49. Query Services Query Services Thin Read Layer User Interface Query

    Facade Query Services CMD DTO DB Command Facade Command Services Command Model Query Facade Query Services Query Facade Query Services SELECT … FROM … WHERE ... Query DB Query DB Query DB Event Handler Event Handler Event Handler Events Write Command Queue Commands Processor The default architecture for distributed business apps CQRS plays well with an Event Sourcing architecture – you just store events and re-create the state of domain objects as needed. Events can always be replayed from event store CQRSified Model is strictly in- memory DB holds events, not state
  50. ‣ capture each update to application state in an event

    ‣ changes to domain objects are the result of applying events ‣ events are immutable ‣ events are a representation of what has happened at a specific time Event Sourcing in a nutshell
  51. ‣ allows you to rebuild application state at any point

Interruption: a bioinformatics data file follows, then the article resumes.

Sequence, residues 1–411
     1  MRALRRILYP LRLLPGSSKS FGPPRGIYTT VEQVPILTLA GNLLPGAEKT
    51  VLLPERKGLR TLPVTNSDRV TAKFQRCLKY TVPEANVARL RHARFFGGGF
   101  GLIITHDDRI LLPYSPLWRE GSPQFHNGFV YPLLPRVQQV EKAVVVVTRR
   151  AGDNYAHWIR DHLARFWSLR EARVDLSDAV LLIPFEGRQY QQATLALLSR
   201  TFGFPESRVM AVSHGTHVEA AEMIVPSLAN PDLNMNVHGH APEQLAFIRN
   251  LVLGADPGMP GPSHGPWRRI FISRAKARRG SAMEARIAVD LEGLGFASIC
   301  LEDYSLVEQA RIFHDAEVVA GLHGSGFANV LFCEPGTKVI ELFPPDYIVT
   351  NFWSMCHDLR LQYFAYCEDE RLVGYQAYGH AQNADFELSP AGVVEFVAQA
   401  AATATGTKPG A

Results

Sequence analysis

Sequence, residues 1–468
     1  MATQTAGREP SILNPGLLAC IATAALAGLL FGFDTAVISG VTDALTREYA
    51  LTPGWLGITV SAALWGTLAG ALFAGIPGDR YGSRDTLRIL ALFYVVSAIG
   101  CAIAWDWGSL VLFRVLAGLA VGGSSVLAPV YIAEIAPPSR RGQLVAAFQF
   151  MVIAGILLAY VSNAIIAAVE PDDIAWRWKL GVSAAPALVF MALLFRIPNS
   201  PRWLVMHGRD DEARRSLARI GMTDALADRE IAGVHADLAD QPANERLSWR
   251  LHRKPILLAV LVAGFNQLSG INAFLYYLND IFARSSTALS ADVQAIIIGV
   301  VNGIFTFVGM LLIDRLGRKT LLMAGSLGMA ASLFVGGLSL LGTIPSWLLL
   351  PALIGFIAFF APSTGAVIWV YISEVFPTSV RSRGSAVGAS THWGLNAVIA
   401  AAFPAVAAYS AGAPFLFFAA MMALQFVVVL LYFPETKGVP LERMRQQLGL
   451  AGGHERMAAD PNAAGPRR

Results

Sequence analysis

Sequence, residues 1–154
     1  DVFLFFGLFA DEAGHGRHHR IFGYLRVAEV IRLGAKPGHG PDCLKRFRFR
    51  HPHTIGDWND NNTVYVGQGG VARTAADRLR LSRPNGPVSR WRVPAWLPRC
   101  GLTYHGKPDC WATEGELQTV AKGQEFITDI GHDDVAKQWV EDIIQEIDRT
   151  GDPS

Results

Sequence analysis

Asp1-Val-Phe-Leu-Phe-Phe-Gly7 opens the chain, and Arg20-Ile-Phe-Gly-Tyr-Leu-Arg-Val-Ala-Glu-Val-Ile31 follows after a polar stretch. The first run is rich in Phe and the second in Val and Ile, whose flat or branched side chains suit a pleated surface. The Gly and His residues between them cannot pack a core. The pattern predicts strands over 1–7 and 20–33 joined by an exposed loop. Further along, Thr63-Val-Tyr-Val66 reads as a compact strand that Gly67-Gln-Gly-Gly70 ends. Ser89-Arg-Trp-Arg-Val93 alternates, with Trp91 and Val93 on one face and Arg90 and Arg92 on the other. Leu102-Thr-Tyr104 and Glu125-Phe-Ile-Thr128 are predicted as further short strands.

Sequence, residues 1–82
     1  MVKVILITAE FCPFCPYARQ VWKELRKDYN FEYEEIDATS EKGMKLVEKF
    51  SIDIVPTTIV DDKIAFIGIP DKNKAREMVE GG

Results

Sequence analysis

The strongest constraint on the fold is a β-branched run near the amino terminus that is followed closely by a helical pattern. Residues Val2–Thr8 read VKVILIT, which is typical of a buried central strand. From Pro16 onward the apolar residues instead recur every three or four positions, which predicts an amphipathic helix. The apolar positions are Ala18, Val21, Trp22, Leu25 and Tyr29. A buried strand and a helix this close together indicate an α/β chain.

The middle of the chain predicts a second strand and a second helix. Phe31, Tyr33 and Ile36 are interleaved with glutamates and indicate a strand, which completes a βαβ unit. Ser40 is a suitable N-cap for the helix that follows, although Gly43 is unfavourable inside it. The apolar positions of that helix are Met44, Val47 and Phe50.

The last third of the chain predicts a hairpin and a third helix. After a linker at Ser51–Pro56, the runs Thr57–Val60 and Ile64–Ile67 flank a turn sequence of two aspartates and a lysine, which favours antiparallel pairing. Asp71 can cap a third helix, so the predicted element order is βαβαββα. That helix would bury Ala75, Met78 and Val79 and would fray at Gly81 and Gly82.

in time just by replaying events from t0 up to that point in time ‣ allows you to analyse historic data based on detailed events that would otherwise have been lost ‣ gives you an audit log “for free” ‣ you can add new, optimized read models (potentially in-memory) later without migration hassle and such What’s so great about Event Sourcing?
  52. http://www.flickr.com/photos/kaptainkobold/5170454747/ How do I convince my boss that we’ll have

    to rewrite our application with CQRS???
  53. Chances are you don’t.

  54. CQRS is not a silver bullet and doesn’t apply everywhere.

    Beware of the added complexity!
  55. Don’t do CQRS… …if your application is just a simple

    CRUD-style app. …if you don’t have scaling issues. …if it doesn’t help improve your domain models.
  56. Consider doing CQRS… …if your write/read load ratio is highly